How we’re getting ripped off

Here’s a post examining the true cost of bandwidth in a worst-case scenario, using as an example a very-expensive 14,000-kilometer undersea cable. I like these worst-case scenarios as they illustrate just how much we are being overcharged for much, much cheaper (by about two orders of magnitude) over-land fiber (on the back end, not to the last mile).

1.9 cents per gigabyte on a very expensive system. Remember that we already baked in a 200% profit margin. But even if you want to get greedy and mark that up an additional 100%, it is only 3.8 cents per gigabyte.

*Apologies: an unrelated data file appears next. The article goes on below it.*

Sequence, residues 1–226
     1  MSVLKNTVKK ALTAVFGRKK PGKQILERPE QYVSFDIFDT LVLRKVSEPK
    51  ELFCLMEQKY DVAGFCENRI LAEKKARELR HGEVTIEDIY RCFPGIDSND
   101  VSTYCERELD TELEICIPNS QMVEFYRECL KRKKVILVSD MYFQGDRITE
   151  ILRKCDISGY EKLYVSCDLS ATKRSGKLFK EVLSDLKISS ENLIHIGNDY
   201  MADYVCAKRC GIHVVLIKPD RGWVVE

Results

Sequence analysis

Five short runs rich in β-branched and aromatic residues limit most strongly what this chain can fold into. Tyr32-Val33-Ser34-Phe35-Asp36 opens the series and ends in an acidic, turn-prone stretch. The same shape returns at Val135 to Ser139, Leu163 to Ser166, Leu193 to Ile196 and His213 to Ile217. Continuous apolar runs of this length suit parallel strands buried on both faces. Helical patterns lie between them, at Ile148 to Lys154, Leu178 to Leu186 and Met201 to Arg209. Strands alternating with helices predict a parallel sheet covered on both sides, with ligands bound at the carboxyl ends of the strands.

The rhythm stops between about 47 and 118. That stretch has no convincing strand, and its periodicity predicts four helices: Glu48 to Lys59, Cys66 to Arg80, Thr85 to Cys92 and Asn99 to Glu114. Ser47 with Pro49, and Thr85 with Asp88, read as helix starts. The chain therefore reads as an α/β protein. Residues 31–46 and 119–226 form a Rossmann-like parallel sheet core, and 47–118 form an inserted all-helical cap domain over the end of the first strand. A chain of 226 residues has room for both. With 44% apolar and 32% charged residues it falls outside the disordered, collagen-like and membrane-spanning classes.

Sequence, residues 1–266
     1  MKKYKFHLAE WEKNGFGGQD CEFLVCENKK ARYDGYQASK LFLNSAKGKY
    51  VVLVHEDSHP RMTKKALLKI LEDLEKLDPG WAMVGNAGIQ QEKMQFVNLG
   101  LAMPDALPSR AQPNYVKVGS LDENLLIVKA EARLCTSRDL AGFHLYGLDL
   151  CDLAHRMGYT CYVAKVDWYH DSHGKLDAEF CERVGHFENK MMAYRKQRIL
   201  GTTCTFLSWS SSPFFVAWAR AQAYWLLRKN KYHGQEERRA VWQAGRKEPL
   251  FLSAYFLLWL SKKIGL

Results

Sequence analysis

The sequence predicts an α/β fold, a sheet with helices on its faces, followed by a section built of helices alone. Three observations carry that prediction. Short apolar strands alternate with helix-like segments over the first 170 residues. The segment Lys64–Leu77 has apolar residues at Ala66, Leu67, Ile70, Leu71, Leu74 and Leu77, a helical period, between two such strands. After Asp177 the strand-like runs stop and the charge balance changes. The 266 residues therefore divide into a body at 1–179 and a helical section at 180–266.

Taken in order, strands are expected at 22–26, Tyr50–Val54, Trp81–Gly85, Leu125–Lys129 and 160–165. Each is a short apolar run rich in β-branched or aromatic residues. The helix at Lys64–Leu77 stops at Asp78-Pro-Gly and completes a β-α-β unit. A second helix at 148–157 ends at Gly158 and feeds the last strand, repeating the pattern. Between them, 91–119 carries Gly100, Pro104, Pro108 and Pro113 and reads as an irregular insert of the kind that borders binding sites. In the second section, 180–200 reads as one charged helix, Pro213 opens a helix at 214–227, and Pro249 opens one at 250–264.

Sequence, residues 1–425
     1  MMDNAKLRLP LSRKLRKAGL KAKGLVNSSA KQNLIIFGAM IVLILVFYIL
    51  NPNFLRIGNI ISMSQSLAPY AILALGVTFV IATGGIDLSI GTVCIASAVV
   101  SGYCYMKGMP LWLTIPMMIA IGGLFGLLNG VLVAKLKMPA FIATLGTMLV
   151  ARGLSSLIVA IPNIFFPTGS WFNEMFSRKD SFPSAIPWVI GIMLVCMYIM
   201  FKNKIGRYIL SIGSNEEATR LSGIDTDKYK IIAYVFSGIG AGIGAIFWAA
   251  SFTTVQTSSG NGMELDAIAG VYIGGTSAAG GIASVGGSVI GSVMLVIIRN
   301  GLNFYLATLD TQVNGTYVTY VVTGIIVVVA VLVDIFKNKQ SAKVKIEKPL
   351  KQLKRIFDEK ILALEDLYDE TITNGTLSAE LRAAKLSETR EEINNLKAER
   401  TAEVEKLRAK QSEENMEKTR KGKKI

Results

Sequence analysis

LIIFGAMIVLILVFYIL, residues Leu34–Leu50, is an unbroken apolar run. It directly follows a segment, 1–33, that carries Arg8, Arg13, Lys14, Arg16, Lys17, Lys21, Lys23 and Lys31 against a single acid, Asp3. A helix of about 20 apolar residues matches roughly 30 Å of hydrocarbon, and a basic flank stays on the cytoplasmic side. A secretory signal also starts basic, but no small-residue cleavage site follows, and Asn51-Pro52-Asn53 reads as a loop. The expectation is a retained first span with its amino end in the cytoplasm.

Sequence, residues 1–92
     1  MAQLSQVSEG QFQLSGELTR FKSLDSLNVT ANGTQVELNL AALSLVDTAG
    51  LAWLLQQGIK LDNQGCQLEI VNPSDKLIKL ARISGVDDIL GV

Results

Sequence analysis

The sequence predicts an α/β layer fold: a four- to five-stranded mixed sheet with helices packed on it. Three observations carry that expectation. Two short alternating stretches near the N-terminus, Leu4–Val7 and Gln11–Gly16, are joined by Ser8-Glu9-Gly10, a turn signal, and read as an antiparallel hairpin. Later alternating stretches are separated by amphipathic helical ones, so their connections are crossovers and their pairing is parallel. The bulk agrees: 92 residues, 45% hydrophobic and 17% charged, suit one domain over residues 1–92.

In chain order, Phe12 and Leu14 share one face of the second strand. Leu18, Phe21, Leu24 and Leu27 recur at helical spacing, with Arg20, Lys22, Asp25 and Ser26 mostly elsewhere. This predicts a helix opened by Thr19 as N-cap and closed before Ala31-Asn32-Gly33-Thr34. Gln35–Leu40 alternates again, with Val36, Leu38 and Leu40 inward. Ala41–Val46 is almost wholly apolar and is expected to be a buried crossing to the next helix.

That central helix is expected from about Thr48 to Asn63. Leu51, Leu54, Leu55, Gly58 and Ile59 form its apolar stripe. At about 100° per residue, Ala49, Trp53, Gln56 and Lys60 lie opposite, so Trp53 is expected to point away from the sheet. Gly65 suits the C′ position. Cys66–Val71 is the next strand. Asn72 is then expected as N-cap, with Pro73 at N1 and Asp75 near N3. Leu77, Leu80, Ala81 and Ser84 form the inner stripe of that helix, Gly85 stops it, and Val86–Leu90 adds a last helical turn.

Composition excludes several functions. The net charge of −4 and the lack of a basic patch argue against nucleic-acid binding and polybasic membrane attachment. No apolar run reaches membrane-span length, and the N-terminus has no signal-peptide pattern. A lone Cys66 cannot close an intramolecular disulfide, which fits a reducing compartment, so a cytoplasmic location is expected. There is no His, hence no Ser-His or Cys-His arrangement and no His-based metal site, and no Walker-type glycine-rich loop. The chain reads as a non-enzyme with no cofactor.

In other words, bandwidth by the gigabyte is incredibly inexpensive. Pennies per gigabyte. And that is on one of the most expensive systems we can imagine.

What’s amazing is that even if you bake in a 300% profit on the most expensive long-haul imaginable, the actual cost is still only around 2-5% of the overage charges ISPs want to rake in per extra gigabyte.

In other words, a co-op ISP could charge $20 per month for 50mbs symmetrical and make a tidy profit for re-investment in future upgrades. And don’t tell me it’s impossible as other countries and their ISPs already do just that. A 1Gbs connection (20 times faster than the 50mbs link) in Sweden for instance is around $25 per month.